Dr. Scott Gottlieb is the right man in the right place at the right time. The man who will shortly assume the FDA commissionership knows the people, the process, and the pressure points. In short, he’ll be further along the learning curve than anyone ever tapped for the nation’s number-one public health regulatory slot. And that’s important, because time is short and the needs are great.
What can we expect from a Gottlieb-led FDA? First, we’ll see less mission creep. Career regulators at the FDA love ambiguity because it gives them almost unlimited authority. Gottlieb knows that it’s the predictability of the process, not speed, that is most important to the industries FDA regulates. Predictability enhances confidence in the system, which, in turn, leads to greater willingness to invest in new and more difficult development programs. And that’s as true for new medicines for Alzheimer’s disease as it is for generics, biosimilars, and medical devices. We can also expect Gottlieb to encourage more creative use of data and analytics.
We’re also likely to see guidance on the sharing of truthful off-label information. While the FDA must continue developing specific labeling for the medicines it approves, it mustn’t stand in the way of knowledge gained via real-world therapeutic experience. The FDA doesn’t regulate the practice of medicine and, according to more than one recent court decision, cannot stand in the way of sharing important medical data. Gottlieb can put the FDA on the right side of history.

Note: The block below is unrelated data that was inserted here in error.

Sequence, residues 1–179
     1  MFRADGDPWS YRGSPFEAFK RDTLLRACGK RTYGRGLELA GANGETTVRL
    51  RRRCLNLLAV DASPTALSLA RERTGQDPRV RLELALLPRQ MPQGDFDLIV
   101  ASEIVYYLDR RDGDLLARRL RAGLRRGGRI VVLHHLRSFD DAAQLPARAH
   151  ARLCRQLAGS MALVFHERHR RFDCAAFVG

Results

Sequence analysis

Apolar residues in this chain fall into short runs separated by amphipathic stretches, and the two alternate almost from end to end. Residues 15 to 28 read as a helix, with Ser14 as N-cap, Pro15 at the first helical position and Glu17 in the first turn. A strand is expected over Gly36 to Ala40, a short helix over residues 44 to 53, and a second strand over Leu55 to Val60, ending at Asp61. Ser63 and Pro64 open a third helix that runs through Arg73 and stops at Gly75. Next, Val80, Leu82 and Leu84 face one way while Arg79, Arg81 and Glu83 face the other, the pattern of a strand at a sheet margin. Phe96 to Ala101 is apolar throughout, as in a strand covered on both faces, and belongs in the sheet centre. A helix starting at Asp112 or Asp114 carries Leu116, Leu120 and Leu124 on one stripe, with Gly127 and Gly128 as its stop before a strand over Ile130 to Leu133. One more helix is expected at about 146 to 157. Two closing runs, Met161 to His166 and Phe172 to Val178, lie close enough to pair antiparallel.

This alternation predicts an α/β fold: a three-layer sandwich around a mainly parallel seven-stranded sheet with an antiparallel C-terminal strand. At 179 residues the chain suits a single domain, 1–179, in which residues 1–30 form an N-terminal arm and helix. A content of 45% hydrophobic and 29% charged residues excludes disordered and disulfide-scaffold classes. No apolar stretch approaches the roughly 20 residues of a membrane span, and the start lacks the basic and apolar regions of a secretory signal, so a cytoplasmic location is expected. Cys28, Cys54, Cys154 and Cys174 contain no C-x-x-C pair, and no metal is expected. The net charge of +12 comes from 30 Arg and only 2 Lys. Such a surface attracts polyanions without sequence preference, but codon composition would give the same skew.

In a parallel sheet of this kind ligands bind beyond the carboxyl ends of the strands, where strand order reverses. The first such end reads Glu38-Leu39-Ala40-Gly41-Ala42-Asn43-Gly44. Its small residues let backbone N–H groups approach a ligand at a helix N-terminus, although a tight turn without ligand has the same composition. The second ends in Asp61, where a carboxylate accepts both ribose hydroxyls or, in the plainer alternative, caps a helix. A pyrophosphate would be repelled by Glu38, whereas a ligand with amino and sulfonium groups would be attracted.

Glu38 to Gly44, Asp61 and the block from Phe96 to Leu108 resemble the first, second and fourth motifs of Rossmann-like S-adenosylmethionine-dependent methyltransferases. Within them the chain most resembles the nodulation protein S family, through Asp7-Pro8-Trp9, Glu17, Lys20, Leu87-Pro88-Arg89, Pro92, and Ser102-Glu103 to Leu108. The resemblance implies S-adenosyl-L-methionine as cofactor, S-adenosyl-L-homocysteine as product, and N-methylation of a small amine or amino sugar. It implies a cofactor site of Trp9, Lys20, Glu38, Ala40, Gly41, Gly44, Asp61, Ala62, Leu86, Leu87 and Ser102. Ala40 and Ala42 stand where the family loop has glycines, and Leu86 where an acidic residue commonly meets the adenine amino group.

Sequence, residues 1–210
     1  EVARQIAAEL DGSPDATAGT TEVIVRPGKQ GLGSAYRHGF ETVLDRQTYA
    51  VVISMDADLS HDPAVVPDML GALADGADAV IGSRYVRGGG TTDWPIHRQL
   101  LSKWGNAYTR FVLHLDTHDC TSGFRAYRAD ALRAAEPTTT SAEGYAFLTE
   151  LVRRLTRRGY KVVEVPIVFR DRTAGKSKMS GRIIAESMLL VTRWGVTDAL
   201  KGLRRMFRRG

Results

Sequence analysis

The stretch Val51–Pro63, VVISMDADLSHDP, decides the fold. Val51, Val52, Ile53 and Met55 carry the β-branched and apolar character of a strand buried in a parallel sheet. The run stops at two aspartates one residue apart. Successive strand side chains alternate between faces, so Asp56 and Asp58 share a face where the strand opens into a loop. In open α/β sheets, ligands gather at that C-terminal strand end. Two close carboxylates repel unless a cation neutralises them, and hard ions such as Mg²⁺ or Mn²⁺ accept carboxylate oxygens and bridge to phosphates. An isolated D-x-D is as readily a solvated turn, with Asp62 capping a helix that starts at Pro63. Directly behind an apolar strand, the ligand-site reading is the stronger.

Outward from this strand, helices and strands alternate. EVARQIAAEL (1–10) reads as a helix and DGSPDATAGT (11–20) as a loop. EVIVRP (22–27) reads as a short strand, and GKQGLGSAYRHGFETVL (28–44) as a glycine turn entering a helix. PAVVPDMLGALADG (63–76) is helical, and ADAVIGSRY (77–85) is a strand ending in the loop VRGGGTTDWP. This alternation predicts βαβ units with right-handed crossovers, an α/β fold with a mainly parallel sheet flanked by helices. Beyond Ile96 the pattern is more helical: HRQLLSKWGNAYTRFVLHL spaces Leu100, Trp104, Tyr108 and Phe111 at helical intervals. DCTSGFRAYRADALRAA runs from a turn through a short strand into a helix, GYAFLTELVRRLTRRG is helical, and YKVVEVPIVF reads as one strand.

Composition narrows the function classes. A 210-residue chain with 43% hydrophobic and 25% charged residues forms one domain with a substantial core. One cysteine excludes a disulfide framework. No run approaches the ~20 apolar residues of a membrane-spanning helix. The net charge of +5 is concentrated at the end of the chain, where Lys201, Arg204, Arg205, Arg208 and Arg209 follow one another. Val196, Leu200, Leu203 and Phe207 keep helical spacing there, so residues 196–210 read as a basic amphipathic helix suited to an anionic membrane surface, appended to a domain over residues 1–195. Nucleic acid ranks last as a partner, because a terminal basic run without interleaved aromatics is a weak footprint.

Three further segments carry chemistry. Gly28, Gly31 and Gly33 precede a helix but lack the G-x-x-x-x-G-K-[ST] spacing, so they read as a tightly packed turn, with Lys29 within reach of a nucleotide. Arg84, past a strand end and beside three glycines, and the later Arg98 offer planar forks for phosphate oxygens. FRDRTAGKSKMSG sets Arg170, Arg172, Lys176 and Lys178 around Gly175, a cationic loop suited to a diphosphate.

He also recognizes the power of intramural opportunities. Not everything regulatory needs to evolve exclusively inside the hallowed walls of White Oak. Case in point — biomarker validation. Under Gottlieb, more pragmatic partnerships with industry and academia can lead to substantially accelerated FDA reviews and decision-making by allowing FDA staff to focus on their primary role of product review and regulatory oversight.
For those who think he’s “too close to industry,” remember that FDA must be regulator of and ally with industry. Scott is the perfect guy to practice that nuanced relationship. Most importantly, he understands whom the FDA serves. Scott Gottlieb will be the patients’ Commissioner.
Peter Pitts is president of the Center for Medicine in the Public Interest. During his time as an FDA associate commissioner, he worked with Gottlieb.